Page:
Liquid Ginger is one such band, and although their brand-new album was recorded completely in the digital domain, the band sought out a seasoned engineer with an impressive resumé to track, mix and co-produce the album with them. As a result, their eponymous disc comes across as a shining example of dedication to both pop songcraft and modern recording technique.
However, it wasn't always set to be that way. After cutting their debut CD Can You Hear Me? at Atlanta's Exocet Studios, the group became enamored with the mobility and relative ease which home-based recording can provide, and set out to make their next album completely on their own. After several months of fits and starts, they abandoned that approach, and headed back to Atlanta.
"We had been struggling as a band to decide how we wanted to approach the second record," explains guitarist Barr Nobles. "Eventually, those of us who wanted to go to a tried-and-true studio sort of won out."
For most of this past September, the band holed up in a state-of-the-art facility that in the past has been used by such big-name artists as Elton John, Smashing Pumpkins and The Dave Matthews Band.
"We worked with Zack Odom up at Tree Studios in Atlanta.," says Nobles.
"He's worked on a lot of platinum albums up there. He's done a lot with Ludacris, plus Whitney Houston and Three Doors Down. His credentials are just endless."
Odom was relatively unfamiliar with the band's output prior to this, but that seemed to make little difference in the quality of his work, says Nobles.
"He knew our background, of course, but I don't think he wanted any preconceived notions about what type of band this was. We gave him the first CD, but I'm not sure he really even listened to it, to tell you the truth. I think he wanted to get a fresh start. Basically Ginger would sit down with one of us on acoustic guitar and we'd just go through the songs for him. That gave him a feel for what we were all about, and he'd offer some input if he thought of something we could do to improve things."
The end result is a ten-song album that showcases the band in what could be termed the best possible light.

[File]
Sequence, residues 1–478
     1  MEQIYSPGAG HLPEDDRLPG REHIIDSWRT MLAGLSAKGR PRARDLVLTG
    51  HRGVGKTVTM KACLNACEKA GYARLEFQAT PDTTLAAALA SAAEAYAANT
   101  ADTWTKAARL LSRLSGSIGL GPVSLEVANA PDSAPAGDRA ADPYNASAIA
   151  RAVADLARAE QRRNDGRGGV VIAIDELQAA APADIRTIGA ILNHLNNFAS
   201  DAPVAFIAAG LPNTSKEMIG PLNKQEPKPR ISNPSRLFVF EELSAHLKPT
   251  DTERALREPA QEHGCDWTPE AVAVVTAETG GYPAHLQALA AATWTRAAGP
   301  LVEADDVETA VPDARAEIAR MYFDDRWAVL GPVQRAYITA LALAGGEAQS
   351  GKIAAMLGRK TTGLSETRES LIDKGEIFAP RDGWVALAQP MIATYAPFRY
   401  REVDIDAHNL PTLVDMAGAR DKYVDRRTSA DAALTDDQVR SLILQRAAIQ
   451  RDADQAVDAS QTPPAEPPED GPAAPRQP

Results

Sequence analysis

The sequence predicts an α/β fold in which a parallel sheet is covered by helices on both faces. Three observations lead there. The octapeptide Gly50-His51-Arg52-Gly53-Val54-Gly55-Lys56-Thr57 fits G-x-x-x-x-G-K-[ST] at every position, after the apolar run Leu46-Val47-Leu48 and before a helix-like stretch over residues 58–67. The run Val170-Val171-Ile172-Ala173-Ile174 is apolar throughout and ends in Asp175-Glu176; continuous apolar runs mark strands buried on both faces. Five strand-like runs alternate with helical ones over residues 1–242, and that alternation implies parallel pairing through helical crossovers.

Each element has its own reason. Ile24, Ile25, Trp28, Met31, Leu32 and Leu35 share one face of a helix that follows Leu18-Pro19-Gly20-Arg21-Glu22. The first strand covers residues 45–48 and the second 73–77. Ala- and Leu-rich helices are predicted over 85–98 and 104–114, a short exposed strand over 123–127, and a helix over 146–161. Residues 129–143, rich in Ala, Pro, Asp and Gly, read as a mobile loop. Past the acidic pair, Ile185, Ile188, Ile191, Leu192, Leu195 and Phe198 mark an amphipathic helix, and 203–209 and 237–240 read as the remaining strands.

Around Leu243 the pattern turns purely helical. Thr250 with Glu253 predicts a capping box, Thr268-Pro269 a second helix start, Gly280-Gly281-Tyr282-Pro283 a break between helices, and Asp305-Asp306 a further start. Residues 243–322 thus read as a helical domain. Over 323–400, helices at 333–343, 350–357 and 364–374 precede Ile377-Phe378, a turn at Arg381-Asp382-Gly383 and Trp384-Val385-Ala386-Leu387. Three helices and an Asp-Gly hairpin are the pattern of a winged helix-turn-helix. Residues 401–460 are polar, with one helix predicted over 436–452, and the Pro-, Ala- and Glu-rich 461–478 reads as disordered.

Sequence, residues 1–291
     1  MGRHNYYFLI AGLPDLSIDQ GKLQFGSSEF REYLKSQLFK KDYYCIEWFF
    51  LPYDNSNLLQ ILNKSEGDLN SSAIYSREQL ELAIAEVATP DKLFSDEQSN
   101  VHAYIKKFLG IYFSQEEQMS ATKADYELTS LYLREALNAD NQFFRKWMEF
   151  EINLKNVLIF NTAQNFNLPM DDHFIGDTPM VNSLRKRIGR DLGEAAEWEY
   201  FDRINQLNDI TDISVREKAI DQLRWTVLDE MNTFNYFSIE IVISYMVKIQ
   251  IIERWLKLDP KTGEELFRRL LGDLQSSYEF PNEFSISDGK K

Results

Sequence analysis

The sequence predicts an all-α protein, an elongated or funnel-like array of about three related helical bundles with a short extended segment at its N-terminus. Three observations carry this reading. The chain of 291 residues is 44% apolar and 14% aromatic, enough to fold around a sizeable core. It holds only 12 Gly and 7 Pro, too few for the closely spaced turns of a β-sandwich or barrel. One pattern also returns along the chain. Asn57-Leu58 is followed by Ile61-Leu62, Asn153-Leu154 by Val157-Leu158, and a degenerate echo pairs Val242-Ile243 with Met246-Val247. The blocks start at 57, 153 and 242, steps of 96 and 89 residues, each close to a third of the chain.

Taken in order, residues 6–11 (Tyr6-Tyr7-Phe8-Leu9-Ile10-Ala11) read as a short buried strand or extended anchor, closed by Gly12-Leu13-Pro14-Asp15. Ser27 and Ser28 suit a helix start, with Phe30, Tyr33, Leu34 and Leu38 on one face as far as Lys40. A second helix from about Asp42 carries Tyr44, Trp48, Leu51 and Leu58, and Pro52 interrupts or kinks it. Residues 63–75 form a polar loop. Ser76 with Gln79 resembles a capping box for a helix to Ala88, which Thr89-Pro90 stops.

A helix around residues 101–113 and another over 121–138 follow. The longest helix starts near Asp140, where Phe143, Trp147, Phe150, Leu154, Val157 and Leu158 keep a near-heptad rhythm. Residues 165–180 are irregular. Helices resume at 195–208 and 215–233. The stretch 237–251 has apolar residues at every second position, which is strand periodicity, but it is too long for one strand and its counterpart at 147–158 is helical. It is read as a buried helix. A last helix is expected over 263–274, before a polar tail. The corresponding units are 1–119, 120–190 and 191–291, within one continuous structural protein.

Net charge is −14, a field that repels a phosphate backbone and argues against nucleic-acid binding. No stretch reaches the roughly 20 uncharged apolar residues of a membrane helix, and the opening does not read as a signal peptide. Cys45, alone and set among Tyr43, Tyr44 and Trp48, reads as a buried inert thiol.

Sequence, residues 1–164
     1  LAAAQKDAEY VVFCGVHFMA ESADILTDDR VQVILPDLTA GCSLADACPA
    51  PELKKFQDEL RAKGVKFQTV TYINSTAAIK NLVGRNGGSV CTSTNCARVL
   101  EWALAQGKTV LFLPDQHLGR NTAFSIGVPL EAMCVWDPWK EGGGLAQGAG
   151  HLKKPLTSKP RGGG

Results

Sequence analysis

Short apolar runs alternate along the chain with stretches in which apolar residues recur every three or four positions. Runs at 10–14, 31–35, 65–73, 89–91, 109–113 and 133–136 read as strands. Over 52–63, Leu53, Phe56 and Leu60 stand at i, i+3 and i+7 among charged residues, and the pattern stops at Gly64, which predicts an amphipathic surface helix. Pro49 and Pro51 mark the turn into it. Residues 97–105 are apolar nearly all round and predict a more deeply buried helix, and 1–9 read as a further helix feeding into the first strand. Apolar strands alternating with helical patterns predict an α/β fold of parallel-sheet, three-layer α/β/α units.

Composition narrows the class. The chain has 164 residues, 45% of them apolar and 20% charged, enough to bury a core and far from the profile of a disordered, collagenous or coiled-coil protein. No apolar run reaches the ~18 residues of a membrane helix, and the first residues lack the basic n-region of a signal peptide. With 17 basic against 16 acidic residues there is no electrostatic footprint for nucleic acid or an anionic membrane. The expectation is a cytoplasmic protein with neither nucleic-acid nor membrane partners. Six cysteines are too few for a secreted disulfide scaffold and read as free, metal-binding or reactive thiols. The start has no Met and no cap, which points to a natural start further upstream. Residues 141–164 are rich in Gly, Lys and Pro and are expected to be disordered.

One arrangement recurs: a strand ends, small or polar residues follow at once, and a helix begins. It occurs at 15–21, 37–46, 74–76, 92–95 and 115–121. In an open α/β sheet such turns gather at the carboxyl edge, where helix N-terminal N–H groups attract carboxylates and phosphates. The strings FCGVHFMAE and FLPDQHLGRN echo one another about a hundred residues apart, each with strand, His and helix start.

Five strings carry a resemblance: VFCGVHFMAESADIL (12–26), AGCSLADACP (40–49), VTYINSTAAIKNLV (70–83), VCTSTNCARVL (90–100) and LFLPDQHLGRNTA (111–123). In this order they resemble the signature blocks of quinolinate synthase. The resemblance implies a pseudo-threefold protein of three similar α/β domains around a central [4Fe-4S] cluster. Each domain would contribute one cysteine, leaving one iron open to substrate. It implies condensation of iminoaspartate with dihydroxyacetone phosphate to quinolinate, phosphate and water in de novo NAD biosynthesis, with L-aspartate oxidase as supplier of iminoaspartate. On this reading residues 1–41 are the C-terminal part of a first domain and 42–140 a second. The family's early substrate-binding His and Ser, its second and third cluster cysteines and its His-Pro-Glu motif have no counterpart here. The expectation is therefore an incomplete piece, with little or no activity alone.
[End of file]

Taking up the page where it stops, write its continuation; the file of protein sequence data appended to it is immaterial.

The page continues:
Clocking in at just under thirty-seven minutes, it's an extremely airwave-friendly collection of short, hummable tunes, - only three of which actually break the four-minute mark. Packed with fat, humbucking guitar tones and an acoustic drum sound that borders on the type of ringy wallop favored by neo-soul bands like The Roots, Liquid Ginger is a dramatic sonic improvement over the group's previous effort.
Perhaps most noticeable, however, is the difference in frontwoman Ginger Fawcett's vocal tracks. Everything from her mic technique to her pitch has improved, and it's refreshing to hear her nail notes and harmonies that in the past might have come off reedy or mannered.
But are the bandmembers themselves as thrilled about the overall results as their loyal fanbase is likely to be?
"Yeah, we really are," answers Nobles. He says the group as a whole was never completely pleased with their debut disc .
"The reason why this one's self-titled is that the first CD was always just a demo. I don't think we ever meant to put that out for sale. But WRHQ started playing 'Never Be Heather,' people started asking where they could buy it, and we were kind of forced into releasing it. We had run out of cash before we could spend the time we wanted to get everything on it just right. We've sold close to five thousand copies of that CD - which is great - but to us, this feels a lot more like our first real CD."
In addition to that sense of pride in a job well done, Nobles also says that the few industry people who have heard the disc think it shows great potential for mainstream radio success - which the band sees as key to their career goals.
"We've had great feedback from the folks at Tree. And I don't think they're just stroking us. I mean, they know what's going on. They've got platinum albums hanging on their walls, and they're telling us we've got a hit album here. We've had some honest conversations with them and we told them not to blow smoke up our ass. Tell us how you really feel. There's an A & R guy in Atlanta who's heard it and he just loved it. He's already planning to shop it around to some folks in L.A."
Still, despite initial positive response to their latest work, Nobles admits there's no way in the world to tell how this record - or this band for that matter - will end up.
"In the end, people talk a lot of stuff, but ultimately it comes down to whether we have a radio hit or not. That's what's gonna push us forward. This band is never gonna hit the road in the back of a van and do the $200 a week tour, you know? The reality is we all have obligations. We all have families or we're rooted some way or another, so that's not the career path we could take. We need to get picked up by someone who feels we could make a big impact. So, that's what we're shooting for."
And what will Liquid Ginger do if their new album is not picked up for national distribution and promotion?
"That's a good question," admits Nobles. "That's like the ten million dollar question in our band... What exactly are we gonna do? I'm not sure how to answer that, but I do know we're going to work this region and push this CD with everything we have. I feel like we have a much better chance this time around than we ever have before."